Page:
I was in my first week of upper school when the 9/11 attacks took place and a lot has changed since, writes Dilly Hussain.
The bell rang at the end of the first lesson and everyone gathered in the common room for a 15 minute break. My friend was the first to tell us (incorrectly) that “America had been bombed”. We then found out that two planes had been flown into the Twin Towers but had no idea of those responsible.
At first, our instinctive reaction was that of joy and support for the “underdog”, though we had no idea who they were. We simply saw it as the bully had been hit back. The following day, once the media had united on accusing Muslims for the attack, a sense of “us versus them” had been established.
In a predominantly Muslim school, most the boys chanted and cursed the US and George W Bush, and the politically “clued up” among us decided to integrate some curses upon Bush Sr. Quite shocking to imagine such scenes in a British school, however, students were predominantly Muslim and the boys were testosterone raging teenagers.
Five Muslim boys (also a white non-Muslim who shared the sentiment) were suspended for doing graffiti in the toilets of planes hitting the twin towers and a further dozen or so were suspended for having screen savers of Osama Bin Laden on their Nokia 3210 and 3310. The head teacher at the time held an emergency assembly with each year group highlighting that “support or glamourisation of such an atrocious act of terrorism will not be tolerated”.
Invasion of Afghanistan and Iraq
But what followed immediately after was when the reality hit home. Afghanistan was invaded under the pretext of sheltering Bin Laden and Al Qaeda. The Taliban were the enemies that had to be defeated and the bombing and indiscriminate killing began.
Two-years later, in 2003, Iraq was invaded under a similar pretext, this time WMDs and the need for “regime change”. Over a million have died, mostly innocent children, women and elderly, the country is in rubble and the “fruits of democracy” were rotten long before the seeds were sewn.
With both invasions, the justifications were falsified intelligence used by our governments to fool the masses. Bin Laden was not hiding in Afghanistan and now negotiations are taking place between allied forces and the Taliban. In Iraq, no WMDs were found and now it’s clear that it was a war waged on intentional lies used by Bush and Tony Blair in their crusade to establish democracy through the end of a barrel.
The influx of Afghani and Iraqi asylum seekers were very much visible in our schools and British society in general, many of whom spoke about life under US occupation.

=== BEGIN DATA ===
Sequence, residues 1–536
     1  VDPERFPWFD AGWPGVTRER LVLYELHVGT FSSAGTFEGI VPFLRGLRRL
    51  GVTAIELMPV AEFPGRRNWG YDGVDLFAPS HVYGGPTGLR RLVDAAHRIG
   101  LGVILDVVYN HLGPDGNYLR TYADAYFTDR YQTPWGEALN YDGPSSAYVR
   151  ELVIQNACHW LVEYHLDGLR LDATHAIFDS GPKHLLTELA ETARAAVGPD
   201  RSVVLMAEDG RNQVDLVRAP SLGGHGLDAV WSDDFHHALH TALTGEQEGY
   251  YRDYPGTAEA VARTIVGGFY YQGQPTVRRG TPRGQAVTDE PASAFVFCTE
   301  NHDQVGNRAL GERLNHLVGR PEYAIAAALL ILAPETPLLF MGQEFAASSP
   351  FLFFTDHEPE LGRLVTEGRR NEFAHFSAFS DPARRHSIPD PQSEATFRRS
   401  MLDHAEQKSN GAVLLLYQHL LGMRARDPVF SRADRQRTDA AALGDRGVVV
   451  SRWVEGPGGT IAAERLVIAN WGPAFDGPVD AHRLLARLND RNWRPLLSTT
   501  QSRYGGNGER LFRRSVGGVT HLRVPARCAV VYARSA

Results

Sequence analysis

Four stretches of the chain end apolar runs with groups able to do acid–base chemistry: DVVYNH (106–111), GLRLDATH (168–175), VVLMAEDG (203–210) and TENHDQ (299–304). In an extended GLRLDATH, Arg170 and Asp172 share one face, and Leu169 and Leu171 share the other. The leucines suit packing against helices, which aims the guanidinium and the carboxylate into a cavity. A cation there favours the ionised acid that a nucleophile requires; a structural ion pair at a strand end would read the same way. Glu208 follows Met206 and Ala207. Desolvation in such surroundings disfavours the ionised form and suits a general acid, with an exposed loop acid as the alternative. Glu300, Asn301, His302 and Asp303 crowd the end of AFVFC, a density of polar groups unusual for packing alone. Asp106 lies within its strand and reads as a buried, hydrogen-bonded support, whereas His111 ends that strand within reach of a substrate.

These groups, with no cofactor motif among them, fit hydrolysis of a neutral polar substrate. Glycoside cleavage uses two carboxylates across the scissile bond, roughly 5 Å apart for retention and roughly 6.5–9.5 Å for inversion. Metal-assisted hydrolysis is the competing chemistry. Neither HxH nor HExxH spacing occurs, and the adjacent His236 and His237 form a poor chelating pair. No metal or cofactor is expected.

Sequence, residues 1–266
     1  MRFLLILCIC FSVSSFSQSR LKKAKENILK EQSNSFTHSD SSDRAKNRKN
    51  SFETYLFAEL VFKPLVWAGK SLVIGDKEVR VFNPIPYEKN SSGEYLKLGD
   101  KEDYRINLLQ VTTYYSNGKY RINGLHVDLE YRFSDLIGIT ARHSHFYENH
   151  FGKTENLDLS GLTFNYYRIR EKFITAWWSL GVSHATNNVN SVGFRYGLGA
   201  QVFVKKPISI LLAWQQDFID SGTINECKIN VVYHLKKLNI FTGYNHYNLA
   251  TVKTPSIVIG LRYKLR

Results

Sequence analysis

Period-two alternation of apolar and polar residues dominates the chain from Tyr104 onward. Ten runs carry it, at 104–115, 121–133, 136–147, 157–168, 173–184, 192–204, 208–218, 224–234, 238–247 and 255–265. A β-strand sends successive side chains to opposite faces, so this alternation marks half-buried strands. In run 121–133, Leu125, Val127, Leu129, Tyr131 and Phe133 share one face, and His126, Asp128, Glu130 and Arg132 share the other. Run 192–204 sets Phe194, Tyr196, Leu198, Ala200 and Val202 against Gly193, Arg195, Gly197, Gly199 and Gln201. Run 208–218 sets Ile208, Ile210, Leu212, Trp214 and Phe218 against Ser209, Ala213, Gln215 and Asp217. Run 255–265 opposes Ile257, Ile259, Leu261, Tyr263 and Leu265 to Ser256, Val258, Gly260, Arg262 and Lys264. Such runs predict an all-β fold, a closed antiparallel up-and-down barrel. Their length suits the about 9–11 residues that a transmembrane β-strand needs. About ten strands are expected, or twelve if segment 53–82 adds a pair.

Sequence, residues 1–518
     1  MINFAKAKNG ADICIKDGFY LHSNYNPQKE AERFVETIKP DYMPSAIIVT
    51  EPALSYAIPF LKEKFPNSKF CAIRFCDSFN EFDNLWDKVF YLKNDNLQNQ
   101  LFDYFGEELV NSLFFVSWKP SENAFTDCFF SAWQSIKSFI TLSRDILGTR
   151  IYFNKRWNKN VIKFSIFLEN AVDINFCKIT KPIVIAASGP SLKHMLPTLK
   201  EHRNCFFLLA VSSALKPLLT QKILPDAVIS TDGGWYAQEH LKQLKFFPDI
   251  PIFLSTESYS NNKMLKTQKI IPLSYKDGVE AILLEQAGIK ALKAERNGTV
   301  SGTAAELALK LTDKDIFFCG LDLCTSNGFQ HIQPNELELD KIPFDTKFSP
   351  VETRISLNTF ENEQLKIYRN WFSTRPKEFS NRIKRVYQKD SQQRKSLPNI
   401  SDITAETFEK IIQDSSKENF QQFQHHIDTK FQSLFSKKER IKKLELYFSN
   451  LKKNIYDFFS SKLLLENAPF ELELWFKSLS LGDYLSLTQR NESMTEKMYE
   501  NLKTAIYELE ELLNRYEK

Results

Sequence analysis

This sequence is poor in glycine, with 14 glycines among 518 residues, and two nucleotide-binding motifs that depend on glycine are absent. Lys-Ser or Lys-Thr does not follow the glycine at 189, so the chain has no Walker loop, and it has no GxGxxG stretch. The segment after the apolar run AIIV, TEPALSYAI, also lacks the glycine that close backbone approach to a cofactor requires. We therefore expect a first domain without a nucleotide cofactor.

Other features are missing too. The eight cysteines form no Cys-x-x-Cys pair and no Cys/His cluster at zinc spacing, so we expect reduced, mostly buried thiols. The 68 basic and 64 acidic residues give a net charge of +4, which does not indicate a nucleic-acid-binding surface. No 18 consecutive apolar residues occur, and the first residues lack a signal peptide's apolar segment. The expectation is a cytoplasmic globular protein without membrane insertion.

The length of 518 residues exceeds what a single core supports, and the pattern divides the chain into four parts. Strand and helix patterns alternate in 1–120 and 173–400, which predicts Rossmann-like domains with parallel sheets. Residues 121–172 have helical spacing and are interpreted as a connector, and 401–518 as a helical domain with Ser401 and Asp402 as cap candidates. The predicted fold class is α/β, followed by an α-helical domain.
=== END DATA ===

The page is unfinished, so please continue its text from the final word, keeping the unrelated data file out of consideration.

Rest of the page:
Pakistan and Yemen
The “War on Terror” has now taken a new dimension. It is no longer Afghanistan and Iraq, but Pakistan’s North Western Frontier Province (NWFP) and Yemen. Instead of sending ground troops and despatching military resources to these locations, they can now be dealt with unmanned remote controlled predator drones – how brave of the western super-cowards.
Out of a possible 1200 killed by drones in Pakistan, more than a thousand were innocent civilians who were bombed at schools, mosques and weddings. In the case of Yemen, the death toll is lower but the ratio of guilty (before trial that is) and innocent is massively disproportionate.
Battle for hearts and minds
The fight was not only taking place abroad, eventually a domestic plan was introduced – the battle for “hearts and minds” had begun in the West.
Across Europe, Islamic groups were getting banned, draconian legislation were implemented, the massive effort to de-politicise Muslim youth is still ongoing especially after Woolwich, and the age-old colonial strategy of divide and rule became evident.
We had new labels that are now used as if they had been part of the English vocabulary for decades. Terms such as “liberal”, “moderate”, “secular”, “extremist”, “fundamentalist”, “radical”, and (our favourite) “Islamist” had become the norm when categorising Muslims – of course, this was the plan all along, Bush’s whole “with us or against us” and Blair’s “evil ideology” ethos.
Western governments are investing millions of pounds in secularising Islam, and re-interpreting fundamental principles and beliefs. As a result, it has bred Muslim apologists who are rewarded by position, status and government funding.
You may be thinking, I’ve not spoken much about 9/11 and how bad and sad it was. Of course, it goes without saying that it was a very unfortunate event that resulted in the death of nearly 3000 innocent people. But I will not entertain and fall into this narrative where the disproportionate media coverage and “human sadness” will be devoted to one event that happened on one day to one country. The phrase commonly used on social media is emphatically true – “Your 9/11 is our 24/7”.